Using Cats as Therapy for Children with Autism

Roughly 1 child in 54 in the USA is diagnosed with a form of autism. But cats have been shown to be very useful companions in therapy because of their balance, independent, and reserved character.
Using Cats as Therapy for Children with Autism

Last update: 29 October, 2020

In recent years, animals have been used more and more in treating various medical conditions, including autism. Cats, in particular, have been shown to be very effective when it comes to therapy for people with autism. Already, thousands of families have experimented with animal therapy and are happy with the results.

Around 2% of children are diagnosed with Autism Spectrum Disorder (ASD), a neurological condition that affects, among other things, their ability to socialize. This is because their capacities for emotional interaction, planning, and communication don’t develop properly.

This can lead to autistic children becoming socially isolated. In other cases, they have a strong desire for social relationships but lack the social, conversational, or emotional skills to be able to develop them.

A woman playing with a cat.

Using cats as therapy for autism

One of the reasons that cats are so good as therapy animals for children with autism is their personality. They’re calm, balanced, and reserved, which means that they tend not to be very invasive. This is exactly what a child with autism needs.

It’s been shown that using cats in therapy can help autistic children to develop their communication skills. This helps them to become more confident and express themselves better.

The great thing about cats is that they’re present with the child but without pressuring them for attention. They accept affection when it’s offered, but they’re not desperate for it. They’re just as happy being left alone. This means that the child is able to relax and gradually develop their unconditional love for the animal.

It also seems that autistic children can identify well with cats. They see similarities in them, such as being able to spend hours looking at an image in total silence. Cats act and react in a particular way, and observing this helps autistic children to become more confident to also act in their own way.

Real-life examples

Here are two instances of families with autistic children discovering the benefits of having a cat by accident. They had already tried various different therapies without success, and their child’s autism had become a daily struggle for all concerned.

Sometimes, they didn’t know how to handle their child’s behavior. Bath time, bedtime, traveling, and setting limits had become daily battles. Furthermore, the lack of eye contact and their child’s specific fears made things even harder.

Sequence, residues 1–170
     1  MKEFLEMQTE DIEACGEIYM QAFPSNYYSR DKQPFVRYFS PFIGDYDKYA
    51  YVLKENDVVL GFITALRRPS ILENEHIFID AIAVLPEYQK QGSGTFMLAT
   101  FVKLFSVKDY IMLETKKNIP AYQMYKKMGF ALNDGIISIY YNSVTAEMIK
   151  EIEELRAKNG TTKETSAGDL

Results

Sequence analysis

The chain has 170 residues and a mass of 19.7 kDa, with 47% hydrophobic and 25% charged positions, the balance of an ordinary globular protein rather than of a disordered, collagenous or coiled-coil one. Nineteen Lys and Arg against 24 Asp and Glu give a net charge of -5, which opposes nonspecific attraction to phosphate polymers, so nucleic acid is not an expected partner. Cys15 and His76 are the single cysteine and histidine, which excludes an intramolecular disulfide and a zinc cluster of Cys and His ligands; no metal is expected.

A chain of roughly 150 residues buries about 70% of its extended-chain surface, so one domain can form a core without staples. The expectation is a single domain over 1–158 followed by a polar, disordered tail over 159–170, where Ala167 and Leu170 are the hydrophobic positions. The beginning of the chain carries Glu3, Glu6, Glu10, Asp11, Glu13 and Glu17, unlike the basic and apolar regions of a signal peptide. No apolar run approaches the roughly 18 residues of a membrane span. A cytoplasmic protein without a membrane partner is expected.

A teenager holding a cat.

But for each family, there came a day, by chance, that a cat came into their home and changed their lives. They both say that they would have loved to have known about this option earlier.

Clover is a white cat who lives with a family with an autistic four-year-old boy, Richard. Richard lives with his father and older sister. His mother sadly passed away.

Over time, Richard began to have conversations with the cat. When he wanted to talk or play with Clover, he did, but when he didn’t feel like it, he was quite happy having the cat with him in silence. “Cats are like me”, Richard said to his father happily.

Another sweet story

Thula is a cat who became best friends with Iris, an autistic girl who is also an artist. Iris was diagnosed with autism at the age of two. She lives with her parents, who had tried everything to help her with her autism. They had even tried therapy with dogs, but they seriously underestimated how nervous they made Iris feel.

Since Thula came into her life, the improvements were obvious. Firstly, Iris’s great fears disappeared. Now, she can bathe and travel in a car with Thula on her lap. When she can’t sleep, Thula approaches her and everything is better. Then, in moments of inspiration, Thula makes a perfect companion in her art, sitting beside her in silence in the park whilst Iris paints.

In both cases, the lives of these families have significantly changed. These cats have been the best thing that ever happened to them, and these aren’t isolated cases. With the help of cats, many children have been able to develop their communication and emotional skills.

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